Many (some might say most) Orioles fans have been at the ledge for quite some time, others it seems may have jumped already. The rest may now be finally ready to join them as the team tries to sell its fans on yet another round of ground up rebuilding. Slowly almost everyone, has seemingly come to grips with the understanding that the team is making money as is, and that their desire to actually try to spend and be competitive may have died a long time ago, never to return.
Last year’s modest hopes played out to another miserable season, and this off-season began with the futile efforts of this team to find anyone willing to lead it from the GM’s office. Once Dan Duquette finally accepted the job, he did little to remind anyone that he was actually there, and the O’s meandered through another uneventful off-season.
Further, the only real hope that fans had for the future of the Orioles was that one day Peter Angelos might sell the team. Alas, even those hopes were summarily squashed when rumors of Angelos shopping the team evolved to the realization that Angelos could sell the team but keep the MASN Network and all of the cash benefits that the Orioles supposedly got to offset the impact of baseball in DC. Baseball took care of Angelos, not the Orioles, and no one has been taking care of the Orioles for well over a decade now.
The MLB Reform Movement
The Ryan Braun fiasco is the latest in a long line of MLB missteps, and one that we’ll likely not see the end of for quite some time. While Braun still appears guilty in the eyes of most, and a beneficiary of a breakdown in protocol, baseball is exposed on a number of levels. First is that before the appeal process played out, no one should have even known of Braun’s positive test. All of the bad PR that has followed could have been avoided if baseball could have simply kept their own secret information secret. Second is that there’s little belief that baseball’s (or any sport’s) testing protocol is coming close to catching all of the cheaters, and now comes our realization that even when they do catch them, they can’t make those results stick.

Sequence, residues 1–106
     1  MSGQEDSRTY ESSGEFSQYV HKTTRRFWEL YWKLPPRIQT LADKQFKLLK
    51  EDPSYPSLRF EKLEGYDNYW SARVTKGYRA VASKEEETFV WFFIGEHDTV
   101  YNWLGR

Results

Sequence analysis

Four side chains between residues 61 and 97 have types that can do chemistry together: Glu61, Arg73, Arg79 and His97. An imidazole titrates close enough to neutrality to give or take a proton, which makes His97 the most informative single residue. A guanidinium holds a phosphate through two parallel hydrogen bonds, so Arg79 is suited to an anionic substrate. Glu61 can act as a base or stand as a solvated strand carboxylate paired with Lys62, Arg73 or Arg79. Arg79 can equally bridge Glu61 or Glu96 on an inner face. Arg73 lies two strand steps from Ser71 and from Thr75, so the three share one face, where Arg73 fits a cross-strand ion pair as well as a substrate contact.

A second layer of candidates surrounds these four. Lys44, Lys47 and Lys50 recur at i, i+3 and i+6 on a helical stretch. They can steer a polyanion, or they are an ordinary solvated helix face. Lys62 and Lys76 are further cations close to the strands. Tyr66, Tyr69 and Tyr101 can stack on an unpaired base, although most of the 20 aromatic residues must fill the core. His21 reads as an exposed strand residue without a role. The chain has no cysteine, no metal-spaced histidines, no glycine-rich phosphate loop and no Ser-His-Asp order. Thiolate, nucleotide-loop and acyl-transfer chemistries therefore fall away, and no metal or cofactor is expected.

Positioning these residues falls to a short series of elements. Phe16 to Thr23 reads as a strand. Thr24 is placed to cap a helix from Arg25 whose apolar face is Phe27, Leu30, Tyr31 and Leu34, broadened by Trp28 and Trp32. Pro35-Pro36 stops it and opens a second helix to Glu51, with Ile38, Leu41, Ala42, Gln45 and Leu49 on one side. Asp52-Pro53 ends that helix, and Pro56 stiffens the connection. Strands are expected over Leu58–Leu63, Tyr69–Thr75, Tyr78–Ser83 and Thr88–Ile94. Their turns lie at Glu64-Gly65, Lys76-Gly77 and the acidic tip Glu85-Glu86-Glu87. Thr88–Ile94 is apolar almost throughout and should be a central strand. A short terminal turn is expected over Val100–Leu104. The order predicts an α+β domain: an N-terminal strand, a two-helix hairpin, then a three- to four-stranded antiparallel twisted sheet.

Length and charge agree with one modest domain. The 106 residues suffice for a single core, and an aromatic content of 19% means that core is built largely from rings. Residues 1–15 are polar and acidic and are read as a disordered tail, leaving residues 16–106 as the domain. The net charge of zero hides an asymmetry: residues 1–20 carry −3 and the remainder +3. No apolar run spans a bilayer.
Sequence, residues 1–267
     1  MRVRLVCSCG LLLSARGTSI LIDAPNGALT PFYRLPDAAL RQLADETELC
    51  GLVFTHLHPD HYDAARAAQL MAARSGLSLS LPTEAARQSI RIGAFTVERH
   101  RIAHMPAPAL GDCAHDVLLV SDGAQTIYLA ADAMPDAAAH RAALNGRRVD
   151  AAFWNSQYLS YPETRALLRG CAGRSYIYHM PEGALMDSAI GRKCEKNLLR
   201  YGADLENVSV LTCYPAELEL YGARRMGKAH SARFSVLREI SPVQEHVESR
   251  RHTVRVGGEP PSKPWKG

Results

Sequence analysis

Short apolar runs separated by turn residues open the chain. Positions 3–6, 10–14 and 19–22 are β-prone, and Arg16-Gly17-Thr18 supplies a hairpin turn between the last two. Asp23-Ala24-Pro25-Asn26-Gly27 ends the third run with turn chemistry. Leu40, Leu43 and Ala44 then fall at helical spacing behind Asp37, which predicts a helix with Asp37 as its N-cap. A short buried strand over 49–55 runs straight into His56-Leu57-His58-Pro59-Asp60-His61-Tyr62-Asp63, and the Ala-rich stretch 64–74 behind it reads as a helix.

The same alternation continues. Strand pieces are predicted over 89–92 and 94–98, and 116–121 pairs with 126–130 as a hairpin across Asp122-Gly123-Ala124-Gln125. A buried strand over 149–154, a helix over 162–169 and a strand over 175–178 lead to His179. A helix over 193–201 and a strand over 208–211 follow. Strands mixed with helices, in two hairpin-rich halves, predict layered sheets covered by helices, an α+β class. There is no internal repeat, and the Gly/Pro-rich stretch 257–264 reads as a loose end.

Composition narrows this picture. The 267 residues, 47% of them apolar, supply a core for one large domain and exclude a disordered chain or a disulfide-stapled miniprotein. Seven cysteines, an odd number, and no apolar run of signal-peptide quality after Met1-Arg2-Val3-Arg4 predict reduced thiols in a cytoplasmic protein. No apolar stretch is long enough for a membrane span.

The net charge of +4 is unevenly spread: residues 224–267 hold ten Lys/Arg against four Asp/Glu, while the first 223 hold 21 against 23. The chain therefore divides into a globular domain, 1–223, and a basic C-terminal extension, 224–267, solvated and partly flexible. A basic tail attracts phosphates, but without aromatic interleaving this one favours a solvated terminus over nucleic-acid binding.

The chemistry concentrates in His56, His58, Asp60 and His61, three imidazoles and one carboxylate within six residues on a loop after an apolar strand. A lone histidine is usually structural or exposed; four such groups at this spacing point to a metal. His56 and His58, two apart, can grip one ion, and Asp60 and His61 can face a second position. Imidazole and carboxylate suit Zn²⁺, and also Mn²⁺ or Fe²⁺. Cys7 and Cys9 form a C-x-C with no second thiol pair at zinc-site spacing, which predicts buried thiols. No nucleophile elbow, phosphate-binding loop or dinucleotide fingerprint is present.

If Braun is not guilty, then although no one seems to be saying it directly, they’re all hinting that he was framed. The simple fact that the possibility of a frame job could hold enough weight to sway an independent arbitrator raises a ton of additional questions. (Starting with how could anyone opine it to be in the best interest of baseball to frame its MVP?)
Meanwhile, MLB seems not relieved to have not had to deal with the tainted legacy of the reigning NL MVP, but instead outraged to the extent that they continue to besmirch Braun and the arbitration process, all over a bad test result, and a worse defeat on appeal over a test that we, the public, should have never known about in the first place.